Specs and Caveats Arturia added native 64-bit operation (up to 96kHz) to their repertoire, but the 32-bit (or both) versions can be installed if you prefer. Formats are standalone, VST 2.4, RTAS, and AU 32/64-bit. The Oberheim SEM V and Wurlitzer V also support VST 3. As to AAX . . . not yet.

Regarding operating systems, XP and Vista remain supported (which I think is considerate), as well as Windows 7 32/64-bit.

Authorization is done through Steinberg’s eLicenser, which gives you a choice of dongle or “soft” authorization. Given how much I update operating systems and computers, I’ve taken the dongle route and I haven’t regretted it.

The Gestalt What’s interesting about Arturia’s synths is that they start off emulating the originals, but they don’t stop there. Typically, you’ll find features like a step sequencer, modulation matrix, additional modulation sources, categorized browser, and the like. And of course, there’s no reason why mono synths can’t be polyphonic in the virtual world. However, the main attraction is a warm, “liquid” sound quality that truly recalls the great analog synths of yesteryear.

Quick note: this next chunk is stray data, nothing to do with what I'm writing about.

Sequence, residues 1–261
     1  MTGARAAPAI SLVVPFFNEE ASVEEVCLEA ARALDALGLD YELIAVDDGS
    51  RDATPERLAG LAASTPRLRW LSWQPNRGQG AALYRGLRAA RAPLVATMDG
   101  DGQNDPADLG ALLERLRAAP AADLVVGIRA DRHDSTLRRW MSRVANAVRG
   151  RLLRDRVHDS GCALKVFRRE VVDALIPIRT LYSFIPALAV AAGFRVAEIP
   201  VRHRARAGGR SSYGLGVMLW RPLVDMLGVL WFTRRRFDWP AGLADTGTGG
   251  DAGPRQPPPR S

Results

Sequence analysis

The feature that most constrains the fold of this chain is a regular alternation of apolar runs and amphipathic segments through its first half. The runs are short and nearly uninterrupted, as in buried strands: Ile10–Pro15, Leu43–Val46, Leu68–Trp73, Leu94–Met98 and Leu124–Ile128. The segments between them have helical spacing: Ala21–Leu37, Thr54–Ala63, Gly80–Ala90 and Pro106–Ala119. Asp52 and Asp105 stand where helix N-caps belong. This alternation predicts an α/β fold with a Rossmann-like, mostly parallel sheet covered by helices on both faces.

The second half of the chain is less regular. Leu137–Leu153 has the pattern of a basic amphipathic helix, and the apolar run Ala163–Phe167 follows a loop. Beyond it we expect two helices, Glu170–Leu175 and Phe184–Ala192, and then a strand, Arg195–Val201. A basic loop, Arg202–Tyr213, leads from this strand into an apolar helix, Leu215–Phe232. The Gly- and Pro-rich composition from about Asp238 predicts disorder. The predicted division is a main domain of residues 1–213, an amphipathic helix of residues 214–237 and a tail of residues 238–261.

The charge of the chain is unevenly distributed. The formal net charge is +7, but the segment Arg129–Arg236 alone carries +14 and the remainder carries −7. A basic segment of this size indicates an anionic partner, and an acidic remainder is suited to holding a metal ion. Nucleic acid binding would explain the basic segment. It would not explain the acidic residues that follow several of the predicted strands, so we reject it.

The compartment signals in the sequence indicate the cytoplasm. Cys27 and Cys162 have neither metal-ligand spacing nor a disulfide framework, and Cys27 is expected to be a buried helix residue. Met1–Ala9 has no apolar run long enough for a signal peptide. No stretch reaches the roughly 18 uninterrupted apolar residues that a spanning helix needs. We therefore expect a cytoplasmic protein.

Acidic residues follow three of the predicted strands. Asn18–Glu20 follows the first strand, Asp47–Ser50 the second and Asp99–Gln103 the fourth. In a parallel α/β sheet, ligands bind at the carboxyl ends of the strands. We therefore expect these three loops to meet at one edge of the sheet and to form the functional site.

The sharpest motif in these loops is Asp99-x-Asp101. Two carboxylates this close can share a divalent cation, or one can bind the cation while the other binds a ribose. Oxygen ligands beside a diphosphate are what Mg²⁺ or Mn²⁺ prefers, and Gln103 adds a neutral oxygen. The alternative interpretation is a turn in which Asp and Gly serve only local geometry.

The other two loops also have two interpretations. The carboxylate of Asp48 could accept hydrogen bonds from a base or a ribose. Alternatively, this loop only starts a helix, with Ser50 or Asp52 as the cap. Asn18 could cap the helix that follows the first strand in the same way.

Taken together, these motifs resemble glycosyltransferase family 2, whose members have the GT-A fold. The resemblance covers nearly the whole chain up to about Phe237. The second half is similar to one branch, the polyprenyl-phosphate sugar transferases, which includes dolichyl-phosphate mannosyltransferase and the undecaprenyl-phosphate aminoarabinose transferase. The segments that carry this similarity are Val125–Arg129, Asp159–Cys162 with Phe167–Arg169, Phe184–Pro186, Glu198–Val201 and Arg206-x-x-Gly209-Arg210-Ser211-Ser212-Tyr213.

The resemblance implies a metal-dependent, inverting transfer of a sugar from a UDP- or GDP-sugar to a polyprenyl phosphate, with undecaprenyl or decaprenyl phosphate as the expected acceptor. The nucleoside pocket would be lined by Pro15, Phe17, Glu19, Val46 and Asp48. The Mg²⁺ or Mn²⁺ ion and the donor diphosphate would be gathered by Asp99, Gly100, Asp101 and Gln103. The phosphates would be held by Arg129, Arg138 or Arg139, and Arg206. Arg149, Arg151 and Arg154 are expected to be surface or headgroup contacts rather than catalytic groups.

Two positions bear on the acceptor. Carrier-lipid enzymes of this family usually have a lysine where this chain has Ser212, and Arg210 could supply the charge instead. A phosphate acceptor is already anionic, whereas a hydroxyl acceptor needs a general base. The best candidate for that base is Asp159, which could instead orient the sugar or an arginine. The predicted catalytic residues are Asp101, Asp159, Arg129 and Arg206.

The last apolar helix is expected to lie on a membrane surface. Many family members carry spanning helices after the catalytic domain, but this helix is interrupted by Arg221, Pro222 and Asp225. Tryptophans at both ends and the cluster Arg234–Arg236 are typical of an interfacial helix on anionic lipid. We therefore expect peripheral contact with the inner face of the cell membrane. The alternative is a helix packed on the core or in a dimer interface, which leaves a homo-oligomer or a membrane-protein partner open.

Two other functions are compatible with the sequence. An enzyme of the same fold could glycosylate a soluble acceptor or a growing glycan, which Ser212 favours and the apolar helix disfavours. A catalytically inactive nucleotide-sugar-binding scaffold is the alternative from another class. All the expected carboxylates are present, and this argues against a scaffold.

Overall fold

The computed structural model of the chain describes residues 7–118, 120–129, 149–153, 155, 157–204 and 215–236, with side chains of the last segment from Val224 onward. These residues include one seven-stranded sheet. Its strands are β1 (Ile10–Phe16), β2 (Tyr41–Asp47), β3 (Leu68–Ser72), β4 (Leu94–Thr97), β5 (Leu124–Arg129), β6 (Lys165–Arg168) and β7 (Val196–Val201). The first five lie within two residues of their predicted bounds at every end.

The one caution involves Pro Tools. Arturia’s RTAS implementations have a reputation for hit-or-miss. (They worked for me with Pro Tools 10, so I can’t comment on issues.) AAX hasn’t happened, and now AAX plug-ins need to be 64-bit anyway. Fortunately, all Arturia synths in the V Collection can be downloaded for a 15-day free trial with no limitations, so you can make sure the synths work properly with your host of choice.

If you’re a classic analog synth fan but know you’ll never be able to afford the originals, let alone fit them in your studio, the V Collection is as close as you’ll come to making those classics part of your musical life.

When Waves announced they would be introducing their first virtual instrument, people weren’t sure what to expect—but Element indeed brings something unique to the plug-in world.

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Waves Element


There was a lot of speculation about Element, given that it’s Waves’ first virtual instrument. Expectations were high, but there was some question about what Waves could do to distinguish itself from a crowded field.

Overview On one level, Element is elementary: It doesn’t offer anything you haven’t seen before. It uses a subtractive synthesis engine with two oscillators, filter, VCA, effects (distortion, bitcrusher, chorus, delay, and reverb), four multi-mode LFOs, EQ, modulation matrix with six slots, three envelopes (for VCF, VCA, and modulation), and arpeggiator/step sequencer.